Volunteers will offer support wherever the person lives: home or residential care facility. They will follow the individual if they are admitted to hospital and be there when they return home. They feel privileged to be invited into a family’s life at such a sensitive time and can be of tremendous assistance.
Access to the Help-line, Information, Coordination of Care, Advocacy
Individuals and families are often overwhelmed with the complexity of managing a serious illness, understanding the health care system and knowing how to access appropriate services at the appropriate time.
Individuals, families, friends or the general public are all welcome to access information, support, or assistance. Trained volunteers and staff are available at the Supportive Care Centre from 9:00 am to 4:00 pm, Monday to Friday by calling 604-948-0660 or visiting 4631 Clarence Taylor Crescent, Ladner.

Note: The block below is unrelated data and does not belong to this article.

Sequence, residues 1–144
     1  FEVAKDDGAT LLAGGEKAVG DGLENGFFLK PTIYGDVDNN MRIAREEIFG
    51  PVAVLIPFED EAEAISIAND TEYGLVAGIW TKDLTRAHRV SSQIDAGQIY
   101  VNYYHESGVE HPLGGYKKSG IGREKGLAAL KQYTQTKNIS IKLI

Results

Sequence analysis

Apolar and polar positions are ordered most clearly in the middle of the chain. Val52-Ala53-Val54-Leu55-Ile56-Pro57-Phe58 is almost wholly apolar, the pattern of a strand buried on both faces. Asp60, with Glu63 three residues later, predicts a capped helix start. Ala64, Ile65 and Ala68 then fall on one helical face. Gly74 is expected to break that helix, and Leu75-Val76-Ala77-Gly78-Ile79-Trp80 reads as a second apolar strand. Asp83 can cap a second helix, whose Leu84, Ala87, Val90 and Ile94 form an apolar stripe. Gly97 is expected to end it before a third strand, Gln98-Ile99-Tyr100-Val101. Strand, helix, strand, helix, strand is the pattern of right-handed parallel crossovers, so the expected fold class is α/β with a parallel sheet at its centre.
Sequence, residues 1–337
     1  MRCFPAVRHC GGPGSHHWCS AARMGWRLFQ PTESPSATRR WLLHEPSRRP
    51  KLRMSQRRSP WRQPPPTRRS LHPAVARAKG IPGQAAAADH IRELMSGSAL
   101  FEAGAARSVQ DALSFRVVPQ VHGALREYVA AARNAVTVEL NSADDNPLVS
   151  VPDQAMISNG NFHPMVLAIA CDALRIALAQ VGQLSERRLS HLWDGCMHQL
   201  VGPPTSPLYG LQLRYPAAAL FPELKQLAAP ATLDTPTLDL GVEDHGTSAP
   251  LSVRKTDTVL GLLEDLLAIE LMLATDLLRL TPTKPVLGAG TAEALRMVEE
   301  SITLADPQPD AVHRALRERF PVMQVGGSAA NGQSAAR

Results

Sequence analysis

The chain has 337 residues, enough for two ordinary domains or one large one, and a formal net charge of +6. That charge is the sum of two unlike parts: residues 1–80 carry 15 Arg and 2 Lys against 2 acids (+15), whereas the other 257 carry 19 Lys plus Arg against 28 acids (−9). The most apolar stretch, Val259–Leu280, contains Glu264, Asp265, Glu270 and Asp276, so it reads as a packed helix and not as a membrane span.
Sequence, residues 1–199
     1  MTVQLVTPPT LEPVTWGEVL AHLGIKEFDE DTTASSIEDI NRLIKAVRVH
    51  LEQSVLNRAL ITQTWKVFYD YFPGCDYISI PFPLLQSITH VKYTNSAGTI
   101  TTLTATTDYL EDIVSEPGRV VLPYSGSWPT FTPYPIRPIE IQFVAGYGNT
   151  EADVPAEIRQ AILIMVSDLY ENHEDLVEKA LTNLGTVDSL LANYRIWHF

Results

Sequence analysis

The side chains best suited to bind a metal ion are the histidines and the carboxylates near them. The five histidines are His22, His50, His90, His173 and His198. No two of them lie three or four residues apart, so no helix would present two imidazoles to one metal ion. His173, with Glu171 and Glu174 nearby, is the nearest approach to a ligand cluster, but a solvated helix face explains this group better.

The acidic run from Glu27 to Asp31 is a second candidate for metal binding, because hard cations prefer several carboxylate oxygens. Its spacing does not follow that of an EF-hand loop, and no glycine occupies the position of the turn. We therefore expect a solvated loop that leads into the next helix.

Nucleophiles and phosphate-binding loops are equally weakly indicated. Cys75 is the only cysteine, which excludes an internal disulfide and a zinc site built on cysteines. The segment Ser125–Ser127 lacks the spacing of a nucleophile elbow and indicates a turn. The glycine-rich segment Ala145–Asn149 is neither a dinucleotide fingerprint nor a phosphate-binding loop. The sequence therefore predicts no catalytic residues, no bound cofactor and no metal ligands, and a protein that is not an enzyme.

Help is available in determining a family’s needs and how services can be used, as well as assistance in organizing resources and scheduling.
Life Stories audio recording
Patients are encouraged to look back on their lives and to affirm the importance of their experiences. Volunteers will provide an opportunity for individuals and/or family members to record their stories, memories or wishes. The experience of sharing life stories can be very therapeutic to the storyteller and is a way of giving meaning and value to one’s life. The audio recordings become a memento for families and friends to cherish.
Many patients find that relaxation therapy helps ease anxiety and helps to manage pain or other symptoms. Research shows that the use of meditation and relaxation techniques can help relax the body by decreasing heart rate, blood pressure and respiration. When this happens, the body relaxes and the blood flow to the muscles is decreased and instead blood flows to the skin and internal organs such as the brain.